KABUL, 23 October 2008 (IRIN) - The decision by the Afghan government to use
hundreds of medical and educational facilities as voter registration centres has
sparked concern about potential security risks to aid workers, students and
Some people say schools and hospitals are
apolitical and civilian facilities, which must not be used for political
Afghanistan is expected to hold presidential elections in 2009 with financial
and technical assistance from the UN and other donors. President Hamid Karzai
has said he will seek re-election for another five-year term.
In a bid to ensure peoples' participation the government has designated schools,
hospitals and mosques all over the country as voter registration stations.
"Because people have better access to hospitals, schools and mosques we decided
to use them for the voter registration process," Zekria Barakzai from the
election commission told IRIN.
Taliban insurgents, who have plunged parts of the country into chaos and
violence, have repeatedly threatened they will disrupt the election process by
attacking electoral sites and election workers.
Voter registration has already started in Logar, Nangarhar, Kunar, Laghman,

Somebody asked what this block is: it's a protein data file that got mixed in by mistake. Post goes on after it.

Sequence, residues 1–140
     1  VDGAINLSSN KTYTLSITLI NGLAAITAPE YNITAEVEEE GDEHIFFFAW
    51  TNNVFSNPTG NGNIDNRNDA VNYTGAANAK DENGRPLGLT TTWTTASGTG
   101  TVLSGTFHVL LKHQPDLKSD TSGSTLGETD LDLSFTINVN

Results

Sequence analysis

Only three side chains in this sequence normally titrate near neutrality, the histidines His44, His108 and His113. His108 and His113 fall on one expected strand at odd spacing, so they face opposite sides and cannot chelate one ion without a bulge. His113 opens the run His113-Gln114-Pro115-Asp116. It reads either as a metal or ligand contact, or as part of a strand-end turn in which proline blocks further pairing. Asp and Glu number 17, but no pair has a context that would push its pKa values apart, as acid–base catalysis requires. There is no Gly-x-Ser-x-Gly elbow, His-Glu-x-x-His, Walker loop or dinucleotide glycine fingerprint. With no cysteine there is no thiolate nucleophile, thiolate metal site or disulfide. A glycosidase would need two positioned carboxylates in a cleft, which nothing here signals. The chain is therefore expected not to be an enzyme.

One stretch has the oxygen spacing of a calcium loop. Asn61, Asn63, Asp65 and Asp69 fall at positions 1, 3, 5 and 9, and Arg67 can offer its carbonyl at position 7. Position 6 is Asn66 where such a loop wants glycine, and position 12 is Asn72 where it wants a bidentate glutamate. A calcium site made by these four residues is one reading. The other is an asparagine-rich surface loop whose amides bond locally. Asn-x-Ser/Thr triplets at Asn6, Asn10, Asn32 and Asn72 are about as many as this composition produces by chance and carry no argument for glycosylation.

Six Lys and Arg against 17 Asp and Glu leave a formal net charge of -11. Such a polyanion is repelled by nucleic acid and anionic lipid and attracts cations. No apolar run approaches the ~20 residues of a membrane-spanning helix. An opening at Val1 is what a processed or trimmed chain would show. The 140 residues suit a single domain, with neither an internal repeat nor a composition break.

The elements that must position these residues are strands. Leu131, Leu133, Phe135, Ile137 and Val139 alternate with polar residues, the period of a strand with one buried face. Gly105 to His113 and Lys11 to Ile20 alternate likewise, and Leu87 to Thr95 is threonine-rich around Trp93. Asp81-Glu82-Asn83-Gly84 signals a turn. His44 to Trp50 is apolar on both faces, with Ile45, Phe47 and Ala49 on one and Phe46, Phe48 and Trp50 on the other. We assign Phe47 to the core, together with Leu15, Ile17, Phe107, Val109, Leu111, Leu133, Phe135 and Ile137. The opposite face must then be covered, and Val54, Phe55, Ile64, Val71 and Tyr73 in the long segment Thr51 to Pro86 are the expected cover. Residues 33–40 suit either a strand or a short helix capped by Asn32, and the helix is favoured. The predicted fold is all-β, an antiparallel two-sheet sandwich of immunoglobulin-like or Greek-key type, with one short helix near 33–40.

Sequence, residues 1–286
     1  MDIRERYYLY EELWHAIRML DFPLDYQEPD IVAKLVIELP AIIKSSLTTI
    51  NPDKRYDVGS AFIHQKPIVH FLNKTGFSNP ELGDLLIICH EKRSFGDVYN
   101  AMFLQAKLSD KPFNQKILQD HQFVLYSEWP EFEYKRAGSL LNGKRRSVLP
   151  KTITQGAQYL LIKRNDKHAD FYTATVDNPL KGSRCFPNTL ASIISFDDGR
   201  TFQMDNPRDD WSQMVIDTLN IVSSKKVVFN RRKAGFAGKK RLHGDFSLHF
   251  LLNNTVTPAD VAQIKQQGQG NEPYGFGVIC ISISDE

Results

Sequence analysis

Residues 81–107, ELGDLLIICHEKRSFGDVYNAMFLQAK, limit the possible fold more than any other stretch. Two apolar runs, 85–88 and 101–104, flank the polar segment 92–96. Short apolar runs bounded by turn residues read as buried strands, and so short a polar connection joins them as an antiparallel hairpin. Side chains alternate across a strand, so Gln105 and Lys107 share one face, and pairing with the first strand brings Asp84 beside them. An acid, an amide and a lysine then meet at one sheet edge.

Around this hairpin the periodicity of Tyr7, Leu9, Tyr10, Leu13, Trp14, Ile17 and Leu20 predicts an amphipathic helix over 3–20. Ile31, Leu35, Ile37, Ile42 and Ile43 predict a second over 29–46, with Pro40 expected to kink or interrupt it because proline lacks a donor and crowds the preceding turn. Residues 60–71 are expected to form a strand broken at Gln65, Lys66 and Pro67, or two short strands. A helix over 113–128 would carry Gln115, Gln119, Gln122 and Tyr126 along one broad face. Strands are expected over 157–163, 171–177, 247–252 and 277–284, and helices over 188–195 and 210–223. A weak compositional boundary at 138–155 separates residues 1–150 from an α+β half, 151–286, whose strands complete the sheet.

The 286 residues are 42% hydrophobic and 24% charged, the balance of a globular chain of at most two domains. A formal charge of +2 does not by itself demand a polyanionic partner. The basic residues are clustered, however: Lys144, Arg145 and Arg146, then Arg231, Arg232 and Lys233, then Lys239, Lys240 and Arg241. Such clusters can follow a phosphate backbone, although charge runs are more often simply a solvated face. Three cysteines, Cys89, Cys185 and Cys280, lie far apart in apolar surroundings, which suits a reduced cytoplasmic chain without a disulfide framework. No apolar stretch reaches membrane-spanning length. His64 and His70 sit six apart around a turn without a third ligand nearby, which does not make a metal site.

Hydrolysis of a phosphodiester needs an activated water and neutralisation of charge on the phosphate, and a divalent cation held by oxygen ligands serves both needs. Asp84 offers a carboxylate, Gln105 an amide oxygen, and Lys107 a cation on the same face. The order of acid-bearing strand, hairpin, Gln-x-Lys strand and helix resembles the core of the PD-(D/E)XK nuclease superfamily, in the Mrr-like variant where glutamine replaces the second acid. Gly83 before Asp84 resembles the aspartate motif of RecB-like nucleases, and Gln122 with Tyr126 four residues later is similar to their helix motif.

Parwan, Kapisa and a few other provinces, and should be extended to volatile
southern parts of the country in the coming months.
The insurgents fired a rocket on a health facility used as a voter registration
centre in Ghazni Province on 20 October, killing one and wounding several
others, local media reported.
Medical workers in various provinces have
voiced concerns about their safety in hospitals and clinics used in the
"Schools and hospitals must not be used for
political and military purposes," said Member of Parliament Noorulhaq Ulomi.
The health and education ministries have also acknowledged that hospitals and
schools are civilian and non-political facilities.
"Hospitals and medical workers have already suffered armed attacks and we are
very concerned that their use in the electoral process could increase security
threats to them," Health Ministry spokesman Abdullah Fahim told IRIN.
The Education Ministry echoed the concerns, but said: "The election is a
national process and we must support it."
Hundreds of schools have been torched and dozens of students and education
workers killed by insurgents and other militants over the past three years,
according to aid agencies.
Medical workers in Logar, Kunar and Nangarhar provinces have voiced concerns
about their safety in hospitals and clinics used in the election process, and
some parents are worried about their children at school: "If the Taliban attack
schools where voters register, our children will certainly be harmed. We don't
want this to happen," said Gul Mohammad, a father of four.
At least seven voter registration sites have been closed due to insecurity, the
election commission said.
The above article comes to you via IRIN, a UN humanitarian information unit, but may not necessarily reflect the views of the United Nations or its agencies. © UN Office for the Coordination of Humanitarian Affairs 2008
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